Bird carcasses collected from the World Trade Center after collisions
Bird carcasses collected from the World Trade Center after collisions

Commenter says the public "isn't aware of billions of bird deaths caused by glass buildings"

In this week's comments update, readers are debating how best to prevent billions of bird deaths caused by glass buildings and discussing other top stories.

Experts have told Dezeen that legislation is needed to force architects to design bird-friendly buildings and prevent billions of deaths.

"We need broad-scale legislation requiring buildings to be bird-friendly," said Kaitlyn Parkins, an ecologist who is campaigning to reduce bird deaths in New York City.

As many as one billion birds are killed this way every year in the US alone while the British Trust for Ornithology estimates that windows cause 100 million bird collisions in the UK each year.

"Hopefully it brings awareness to the issue and forces positive change"

Readers are concerned. "Another sad reality of humans' lack of stewardship for our planet," said Ken Steffes.

"This information isn't widely known by the public, great to see it published here," added Yourastar. "Hopefully it brings awareness to the issue and forces positive change."

James Hartford continued: "I've been trying to specify bird-safe glass for years but clients insist on large expanses of glass and don't want to see textures that birds can see."

"Manufacturers have too few options and what's available is too expensive," she continued. "It takes legislation, public awareness, and cost-effective and good solutions from the glass industry to fix this."

"The solution, other than the extraction of humans from Earth, is far shorter buildings with windows angled at 45 degrees. Our obsession with architectural phallic symbols is egotistical but not environmentally sustainable," concluded Life Machine.

What do you think? Join the discussion ›

International Women's Day graphic
Women make up just one in five top positions at biggest architecture firms

Reader wonders "what percentage of women are bricklayers, plumbers or electricians"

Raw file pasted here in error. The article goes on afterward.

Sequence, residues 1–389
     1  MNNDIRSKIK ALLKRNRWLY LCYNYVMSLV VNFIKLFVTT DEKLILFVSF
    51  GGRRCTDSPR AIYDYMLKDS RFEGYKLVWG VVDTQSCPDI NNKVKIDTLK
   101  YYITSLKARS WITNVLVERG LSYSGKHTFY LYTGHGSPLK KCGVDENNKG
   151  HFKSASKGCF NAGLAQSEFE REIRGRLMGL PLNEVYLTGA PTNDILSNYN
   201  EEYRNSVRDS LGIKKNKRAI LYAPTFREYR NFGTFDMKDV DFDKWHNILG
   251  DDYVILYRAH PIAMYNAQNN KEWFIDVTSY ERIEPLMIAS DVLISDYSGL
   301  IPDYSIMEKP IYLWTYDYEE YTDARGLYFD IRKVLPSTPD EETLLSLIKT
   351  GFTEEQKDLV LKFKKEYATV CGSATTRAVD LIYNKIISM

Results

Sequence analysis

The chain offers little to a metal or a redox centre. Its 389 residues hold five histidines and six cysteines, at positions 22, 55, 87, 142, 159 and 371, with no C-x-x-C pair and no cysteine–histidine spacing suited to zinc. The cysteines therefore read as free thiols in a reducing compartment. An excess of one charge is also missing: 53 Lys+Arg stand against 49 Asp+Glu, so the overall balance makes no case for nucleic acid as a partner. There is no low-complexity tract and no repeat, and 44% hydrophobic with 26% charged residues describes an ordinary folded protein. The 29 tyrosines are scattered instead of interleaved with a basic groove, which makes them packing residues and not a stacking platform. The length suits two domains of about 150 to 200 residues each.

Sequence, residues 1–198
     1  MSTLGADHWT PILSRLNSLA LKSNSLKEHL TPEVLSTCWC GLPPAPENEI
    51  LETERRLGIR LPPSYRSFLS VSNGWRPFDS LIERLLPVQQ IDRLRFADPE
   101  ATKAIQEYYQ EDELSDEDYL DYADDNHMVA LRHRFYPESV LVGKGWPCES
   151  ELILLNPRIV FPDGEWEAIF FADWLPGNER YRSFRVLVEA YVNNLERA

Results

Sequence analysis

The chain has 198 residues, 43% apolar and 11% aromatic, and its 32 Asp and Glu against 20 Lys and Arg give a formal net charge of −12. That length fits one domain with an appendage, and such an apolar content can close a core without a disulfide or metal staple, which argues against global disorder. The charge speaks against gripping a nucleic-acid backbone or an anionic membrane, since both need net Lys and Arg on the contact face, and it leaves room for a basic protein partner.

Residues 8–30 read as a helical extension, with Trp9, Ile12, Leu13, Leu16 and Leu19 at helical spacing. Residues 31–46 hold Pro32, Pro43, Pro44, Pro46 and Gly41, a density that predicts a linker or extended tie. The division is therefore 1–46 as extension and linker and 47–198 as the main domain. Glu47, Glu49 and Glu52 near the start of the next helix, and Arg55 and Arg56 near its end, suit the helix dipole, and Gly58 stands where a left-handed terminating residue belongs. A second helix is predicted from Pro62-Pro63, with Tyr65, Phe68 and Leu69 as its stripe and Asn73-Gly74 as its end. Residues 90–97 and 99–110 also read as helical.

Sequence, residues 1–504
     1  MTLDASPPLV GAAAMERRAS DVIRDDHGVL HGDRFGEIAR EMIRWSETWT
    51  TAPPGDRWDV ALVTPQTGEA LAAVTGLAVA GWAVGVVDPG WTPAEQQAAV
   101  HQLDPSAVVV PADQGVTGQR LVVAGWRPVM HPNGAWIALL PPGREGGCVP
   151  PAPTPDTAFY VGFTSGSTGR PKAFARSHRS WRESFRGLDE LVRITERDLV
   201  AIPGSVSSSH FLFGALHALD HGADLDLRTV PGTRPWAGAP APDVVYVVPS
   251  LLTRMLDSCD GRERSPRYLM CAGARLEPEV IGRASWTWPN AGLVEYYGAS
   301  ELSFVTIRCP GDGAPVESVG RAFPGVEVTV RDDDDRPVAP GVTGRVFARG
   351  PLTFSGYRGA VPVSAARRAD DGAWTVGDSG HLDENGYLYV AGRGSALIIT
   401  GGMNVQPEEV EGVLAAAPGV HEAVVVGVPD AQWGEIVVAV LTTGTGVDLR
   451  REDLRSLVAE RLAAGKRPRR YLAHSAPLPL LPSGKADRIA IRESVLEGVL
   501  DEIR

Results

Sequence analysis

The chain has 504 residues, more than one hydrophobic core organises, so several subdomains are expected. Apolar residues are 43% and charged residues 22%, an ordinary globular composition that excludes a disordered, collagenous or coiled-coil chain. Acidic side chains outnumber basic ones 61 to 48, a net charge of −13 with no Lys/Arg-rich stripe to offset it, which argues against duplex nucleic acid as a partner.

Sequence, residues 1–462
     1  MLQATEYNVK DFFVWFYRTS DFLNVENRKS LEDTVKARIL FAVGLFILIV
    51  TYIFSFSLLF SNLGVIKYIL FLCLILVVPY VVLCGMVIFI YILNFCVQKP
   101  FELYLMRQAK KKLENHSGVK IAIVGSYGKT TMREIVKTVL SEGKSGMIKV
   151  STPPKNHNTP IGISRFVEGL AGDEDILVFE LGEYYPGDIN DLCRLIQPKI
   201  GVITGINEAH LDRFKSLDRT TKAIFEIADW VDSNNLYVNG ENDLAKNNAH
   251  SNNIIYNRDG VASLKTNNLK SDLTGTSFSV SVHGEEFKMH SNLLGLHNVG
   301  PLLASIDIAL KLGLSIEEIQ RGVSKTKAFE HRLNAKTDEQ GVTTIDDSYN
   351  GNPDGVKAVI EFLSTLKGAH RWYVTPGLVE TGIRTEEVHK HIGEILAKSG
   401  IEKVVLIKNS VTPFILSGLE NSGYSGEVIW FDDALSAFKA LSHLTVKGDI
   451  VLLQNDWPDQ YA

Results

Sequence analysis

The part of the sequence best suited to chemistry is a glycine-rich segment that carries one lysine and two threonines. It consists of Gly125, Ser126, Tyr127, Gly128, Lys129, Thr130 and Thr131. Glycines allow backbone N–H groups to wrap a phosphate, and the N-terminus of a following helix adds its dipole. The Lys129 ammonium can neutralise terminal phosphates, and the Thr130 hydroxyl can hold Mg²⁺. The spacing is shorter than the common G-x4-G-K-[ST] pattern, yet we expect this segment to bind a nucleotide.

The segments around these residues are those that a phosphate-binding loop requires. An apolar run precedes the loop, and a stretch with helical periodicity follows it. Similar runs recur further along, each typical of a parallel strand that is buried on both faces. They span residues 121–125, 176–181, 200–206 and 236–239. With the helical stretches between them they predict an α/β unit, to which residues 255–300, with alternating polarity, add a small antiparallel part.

Commenters are debating the results of research conducted by Dezeen to mark International Women's Day. It showed that the percentage of women in top jobs at the biggest architecture firms has doubled over the past five years, but men still occupy four out of five key roles.

"Ancient history," said Colin MacGillivray. "When I went through Auckland University School of Architecture 1966-70 there were no women in my year and one woman in the year ahead and one the year following mine. That's two in about 120 students. Times change – good."

"According to AIA, 17 per cent of registered architects are women," replied HiKoo. "If there are 20 per cent of women in managerial roles, then that seems in balance. If there were 80 per cent of registered women architects, it seems logical, there would probably be far more women in top positions."

"I wonder what percentage of women are bricklayers, plumbers, or electricians?" added JayCee. "There is always a claim of disparity in positions of power but never the same for jobs where it actually involves getting your hands dirty."

Do the results surprise you? Join the discussion ›

Vulva Spaceship by Wer Braucht Feminismus?
Six vulva-shaped designs including skyscrapers, stadiums and a spaceship

Commenter says "Dezeen's last article on female genitalia really hit the spot" 

Last week readers were commenting on our story about a vulva-shaped spaceship concept. This week they are commenting on our roundup of five buildings that have been compared to female genitalia.

"Dezeen's last article on female genitalia really hit the spot," said Bobby Dazzler.

Romeo Reyes continued: "I'm designing a tiny house now and I don't know whether this article disturbed or inspired me."

"Psychiatrists and sex maniacs see vulva shape or phallic shaped everywhere. Normal people would only see organic-shape or flower-shape buildings," concluded Frederic Bortuzzo.

What shape do you see? Join the discussion ›

house built from shipping containers
Måns Tham stacks shipping containers to create Swedish house

Reader says they are a "big fan of container architecture"

Commenters are discussing a house on the outskirts of Stockholm that was built by Swedish architect Måns Tham using eight standard shipping containers.

"Wonderful view out of the lower level bath," said Jim Angrabright. "Nice project."

Chris Brown agreed: "I'm a big fan of container architecture. It's so versatile. This five-bed house cost significantly cheaper than a building done from scratch. Each unit cost approx £2,000 – that's the main structure at £16,000. Container architecture is so versatile and common for its low cost. It's a great example of repurposing of an existing structure."

"Once you remove three to four walls or the floors or ceilings from the containers you could as well just have built a steel house with customised proportions and avoided the shortcoming of containers regarding room height," said Zea Newland on the other hand.

Are shipping containers the way forward? Join the discussion ›

Comments update

Dezeen is the world's most commented architecture and design magazine, receiving thousands of comments each month from readers. Keep up to date on the latest discussions on our comments page.